The Columbus Crew faced a big enough challenge on Dec. 12 in the MLS Cup Final against the Seattle Sounders. If the Black & Gold were to bring home the team’s second ever MLS Cup trophy, they would have to do it against the defending champions, a team that had played in three of the last four finals, winning two.
Then on Thursday, two days before the game, the club got word that central midfielder Darlington Nagbe had tested positive for COVID-19. The offseason addition, which the Crew paid over $1 million in allocation money for, would not suit up for Columbus in the biggest game of the year.
The news came during Thursday’s practice with Nagbe already sitting out while he awaited word on his test. This meant head coach Caleb Porter had to turn to rookie Homegrown midfielder Aidan Morris for the MLS Cup Final.
“Aidan was already sort of in the team at that point and what they were doing in the session,” president and general manager Tim Bezbatchenko recalled to Jason Davis on SiriusXM FC last week. “And I think Caleb at one point went over to Aidan and kind of gave him a look or said something to him about he needs to be ready.”
The loss of Nagbe was a big one, but it ultimately didn’t stop the Crew from prevailing, defeating the Sounders 3-0 to become the 2020 MLS Cup champions. As fate had it, playing without key players, including Nagbe, was something the team was familiar with in 2020 as the Ohio native missed eight games this year with an injury.
While the Black & Gold tried multiple players alongside Artur in the central midfield, it was Morris who started two of the final three games of Nagbe’s absence in early-to-mid October. And despite being just 19 years old, Porter saw throughout the season in his 10 appearances that Morris could play at this level.
“I believe in young players, if they are good enough,” Porter said in the postgame press conference. “If a guy is good enough, I’m going to give him the chance. But if he’s not, I’m not. I’m not a lover of playing young guys just to do it, but Aidan Morris is a winner, he’s a fighter. I knew it. I knew it in the games I played him and I’ve seen him in training. When I knew Darlington was out, he was the guy that was going to go in.”
It was clear quickly that Morris was not afraid of the spotlight and was ready for the moment. Despite becoming the youngest player to ever start in an MLS Cup Final and only the second teenager — the other being Landon Donovan — to do so, Morris didn’t get rattled and played his game.
While Columbus knew without Nagbe and winger Pedro Santos that the home team wouldn’t have as much of the ball as they would with those players, the Crew still wanted to take the game to Seattle. As he did throughout the year when on the field, Morris brought fight and grit to his side with the way he won tackles and battled for every ball in the center of the field.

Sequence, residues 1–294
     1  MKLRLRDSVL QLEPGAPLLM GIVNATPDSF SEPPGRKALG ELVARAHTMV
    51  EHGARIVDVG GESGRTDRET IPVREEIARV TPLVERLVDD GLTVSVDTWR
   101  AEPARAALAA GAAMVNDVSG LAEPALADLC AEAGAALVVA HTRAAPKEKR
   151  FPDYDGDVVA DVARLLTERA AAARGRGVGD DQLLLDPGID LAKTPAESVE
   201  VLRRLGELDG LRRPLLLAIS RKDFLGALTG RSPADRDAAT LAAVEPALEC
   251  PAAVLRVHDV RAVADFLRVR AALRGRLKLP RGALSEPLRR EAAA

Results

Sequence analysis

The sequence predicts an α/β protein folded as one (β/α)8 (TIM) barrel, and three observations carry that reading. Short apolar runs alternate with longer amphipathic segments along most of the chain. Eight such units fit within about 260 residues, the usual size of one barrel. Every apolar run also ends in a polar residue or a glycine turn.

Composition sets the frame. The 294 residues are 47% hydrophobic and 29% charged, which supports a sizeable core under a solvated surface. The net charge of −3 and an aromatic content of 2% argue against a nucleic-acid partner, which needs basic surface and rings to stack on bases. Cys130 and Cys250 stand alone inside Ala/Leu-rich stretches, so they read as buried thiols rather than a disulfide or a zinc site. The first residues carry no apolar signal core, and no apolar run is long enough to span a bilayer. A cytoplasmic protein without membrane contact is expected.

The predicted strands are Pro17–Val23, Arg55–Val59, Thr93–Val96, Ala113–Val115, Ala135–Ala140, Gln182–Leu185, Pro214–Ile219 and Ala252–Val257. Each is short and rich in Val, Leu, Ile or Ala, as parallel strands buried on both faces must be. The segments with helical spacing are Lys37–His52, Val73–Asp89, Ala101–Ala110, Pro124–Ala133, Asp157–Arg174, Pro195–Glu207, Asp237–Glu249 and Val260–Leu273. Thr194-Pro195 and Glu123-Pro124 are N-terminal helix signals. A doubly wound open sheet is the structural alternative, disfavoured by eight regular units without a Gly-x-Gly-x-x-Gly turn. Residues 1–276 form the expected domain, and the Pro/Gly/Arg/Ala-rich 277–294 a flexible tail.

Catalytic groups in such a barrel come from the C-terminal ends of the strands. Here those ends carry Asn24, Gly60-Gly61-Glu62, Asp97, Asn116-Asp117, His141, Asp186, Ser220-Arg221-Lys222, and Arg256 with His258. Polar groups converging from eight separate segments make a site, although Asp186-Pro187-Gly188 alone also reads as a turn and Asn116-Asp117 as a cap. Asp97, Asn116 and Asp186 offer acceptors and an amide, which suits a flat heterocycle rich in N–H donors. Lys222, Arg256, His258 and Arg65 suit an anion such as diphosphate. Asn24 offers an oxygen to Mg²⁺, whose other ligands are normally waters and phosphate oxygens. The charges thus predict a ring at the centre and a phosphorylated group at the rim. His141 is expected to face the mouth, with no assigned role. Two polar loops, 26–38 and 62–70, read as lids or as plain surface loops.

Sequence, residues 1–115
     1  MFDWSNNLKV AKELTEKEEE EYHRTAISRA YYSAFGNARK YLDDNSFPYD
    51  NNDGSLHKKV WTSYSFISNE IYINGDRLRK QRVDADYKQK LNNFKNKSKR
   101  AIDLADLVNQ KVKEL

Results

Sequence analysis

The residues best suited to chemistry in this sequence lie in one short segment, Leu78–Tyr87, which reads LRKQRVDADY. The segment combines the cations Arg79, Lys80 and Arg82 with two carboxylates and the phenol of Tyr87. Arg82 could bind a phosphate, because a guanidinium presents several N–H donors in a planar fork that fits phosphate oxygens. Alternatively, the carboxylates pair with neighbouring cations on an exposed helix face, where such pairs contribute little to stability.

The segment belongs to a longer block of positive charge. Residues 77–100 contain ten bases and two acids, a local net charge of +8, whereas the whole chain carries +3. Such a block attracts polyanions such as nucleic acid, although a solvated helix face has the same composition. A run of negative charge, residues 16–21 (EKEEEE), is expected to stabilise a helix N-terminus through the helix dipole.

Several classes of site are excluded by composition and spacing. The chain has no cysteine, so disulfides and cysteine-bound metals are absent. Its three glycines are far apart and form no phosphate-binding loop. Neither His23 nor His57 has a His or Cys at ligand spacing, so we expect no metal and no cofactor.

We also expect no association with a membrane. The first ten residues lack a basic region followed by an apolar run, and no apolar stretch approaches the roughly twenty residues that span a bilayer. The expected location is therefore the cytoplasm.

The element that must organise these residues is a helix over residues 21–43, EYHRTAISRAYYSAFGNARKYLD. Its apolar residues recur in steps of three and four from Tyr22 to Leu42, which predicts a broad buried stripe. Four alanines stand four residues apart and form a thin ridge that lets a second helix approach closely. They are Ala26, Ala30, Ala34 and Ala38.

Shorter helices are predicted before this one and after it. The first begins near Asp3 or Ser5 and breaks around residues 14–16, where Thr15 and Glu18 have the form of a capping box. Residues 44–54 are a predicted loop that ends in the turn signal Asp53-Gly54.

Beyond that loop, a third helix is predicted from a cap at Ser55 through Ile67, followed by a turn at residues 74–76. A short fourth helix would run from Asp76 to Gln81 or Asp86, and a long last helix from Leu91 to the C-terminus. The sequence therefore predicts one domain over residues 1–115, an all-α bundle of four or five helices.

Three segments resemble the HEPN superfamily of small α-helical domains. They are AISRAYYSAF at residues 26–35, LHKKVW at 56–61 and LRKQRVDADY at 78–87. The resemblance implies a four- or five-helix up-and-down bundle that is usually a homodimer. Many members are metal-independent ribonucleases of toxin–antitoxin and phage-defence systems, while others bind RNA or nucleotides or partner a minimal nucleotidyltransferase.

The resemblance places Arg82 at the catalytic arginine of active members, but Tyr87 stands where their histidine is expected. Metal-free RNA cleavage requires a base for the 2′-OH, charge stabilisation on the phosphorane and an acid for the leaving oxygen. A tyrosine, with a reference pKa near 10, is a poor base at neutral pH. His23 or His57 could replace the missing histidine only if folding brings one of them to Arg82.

When it came to possession, Morris wasn’t afraid to make a pass he believed was on, but also kept his game relatively simple. If he lost the ball, Morris worked hard to get it back and was an important part of both of the Black & Gold’s first two goals.
“I’m just a kid kicking a ball around, for the most part,” Morris said after the game. “It’s just another game. Just having fun. I’m alongside the guys I love playing with, amazing teammates. It goes back to the staff and my teammates. They make it enjoyable every day coming into the training, especially during tough times like this year. It was always enjoyable. I never go a day without not loving it.”
Without as much possession, the Crew played a more direct style, something that fits a young player like Morris who made only the third start of his career in the Final. This was successful, with the team scoring two first half goals on plays that were both started by the rookie and led to finishes by Lucas Zelarayan and Derrick Etienne Jr., the first of which Morris was credited with an assist.
Even more impressively, however, was how Morris helped to neutralize the impact of Sounders’ playmaker Nicolás Lodeiro. The Seattle No. 10, who came into the game with one goal and three assists in the MLS Cup playoffs, recorded just two shots on the night despite being on the ball significantly more than anyone else on the field.
“I think the key word is just communication from front to back,” Morris said of dealing with Lodeiro. “He’s obviously a great player so it takes a lot of communication to know where he’s at and just kind of conserving your energy and knowing when to move and to kind of sit still and cover space.
“But communication, I think, was the most important thing. Arty and I can both cover ground pretty well, so that’s a plus. So when it comes to that, just the main point is just talking and giving little information to your teammates.”
Adversity was the name of the game for everyone in 2020. Whether it was the unknowns of the season, dealing with a compressed schedule or battling injuries, the team that handled the tough situations best was going to come out on top.
One of the Crew’s mottos this season was to always be ready for whatever is to come, whether that’s an obstacle or an opportunity. While Morris didn’t see the chance to start an MLS Cup Final and play the best game of his young professional career coming, he was ready for it when it did.
“I’d probably say my first answer would be no, but nothing’s impossible,” the midfielder said. “That’s another motto that I live by. I would probably say no. But there’s always opportunities and every time I got an opportunity this year, I tried to take full advantage of it.”